OK, so it was Ryan Giggs, the man with too much money and solicitors who were willing to sue 70,000 individual Twitter users, the man who rather than deny having a dalliance with some reality TV bint tried to keep his name out of the press by means of the English legal system, and then watched it all backfire in a most spectacular way.
And why would an individual do that, well maybe this press clipping might offer a suggestion…
“Giggs, a married father-of-two, is seen as one of the finest modern-day role models for his sport.
In a career lasting more than two decades, the 37-year-old has won countless admirers for the way he has handled fame and the pressures of top-flight football with professionalism and dignity.
In 2007 he was awarded the OBE, and two years later was crowned PFA Player of the Year and BBC Sports Personality of the Year.
There have even been calls from politicians for him to receive a knighthood. Sir Alex Ferguson wrote in his foreword to Giggs’s autobiography: “How I would love to adorn my team sheet with the words ‘Sir Ryan Giggs’.”
Giggs is widely seen as a family man, having married his long-time partner Stacey Cooke in 2007.
On Sunday afternoon the player paraded their two children on the Old Trafford pitch after Giggs collected a record 12th Premier League winners’ medal.”
Ryan Giggs is one of my “Big Daft Lads”, sportsmen who prove my Rule of Sportsmen, the rule that states that professional sportsmen are not endowed of the same brain power as you or I, indeed they do not require the same level of comprehension, social skills, or common sense that you or I require to survive in our daily lives, they do not need to interact in any sort of social environment, they don’t need to get on with the boss or speak to people that they would rather not be seen with but have to be seen with because their mortgage depends on getting paid at the end of the week.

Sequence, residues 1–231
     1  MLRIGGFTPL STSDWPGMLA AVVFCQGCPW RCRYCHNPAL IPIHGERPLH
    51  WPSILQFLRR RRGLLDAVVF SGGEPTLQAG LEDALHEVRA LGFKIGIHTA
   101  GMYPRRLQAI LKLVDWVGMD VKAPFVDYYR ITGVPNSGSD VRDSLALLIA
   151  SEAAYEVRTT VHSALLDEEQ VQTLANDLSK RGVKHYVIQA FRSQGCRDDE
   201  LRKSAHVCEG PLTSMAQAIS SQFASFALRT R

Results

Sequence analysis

Put simply my Rule of Sportsmen states that at every school in the land there exists in each year at least one young lad who would even admit to himself as being “a bit thick”, the sort of young lad who is “big for his age”, the lad who doesn’t quite fit his legs underneath the desk and looks like his mum introduced him to the follow-on milk perhaps six months too early, these are the lads who are good at sport at school but nothing else.
These big daft lads know everything about every football league back four, every team, right down into the Quick-e-Mart Fourth Division, they know just how many games each team has to win lose or draw to avoid relegation, they are the lads who actually do cut-out-and-keep those FA Cup progress ladders that come free in The Sun and they religiously fill in the scores and the next round draws right the way from the preliminary rounds as if its important, as indeed it is important, to them.
The Big Daft Lads excel only at sport and only in one sport and only in one position in that sport, they are the lads who, as all their friends simply run around a field following the ball, position themselves in a specific place on the field and declare “I am the outside half, you have to pass the ball to my feet for I cannot leave this position to run after it”, they know who they are and they know what they want from an early age, mainly driven by their father who is a former Big Daft Lad.
The Big Daft Lads go on to be the professional sportsmen who are paid an average man’s annual salary every day to do their sports thing in front of people who will pay to watch them, but they remain Big Daft Lads – there is nothing in a professional sportsmans training regime that teaches them anything at all about common sense, or going down the shops for a pint of milk, or just saying “no thank you” when some publicity seeking tart who’s five minutes of fame have passed offers you sex in order to gain another five minutes on the front page of a random tabloid, not even if you are hailed as a role model to all the Big Daft Lads who are currently struggling with Janet and John books in their GCSE year, but are good at sports…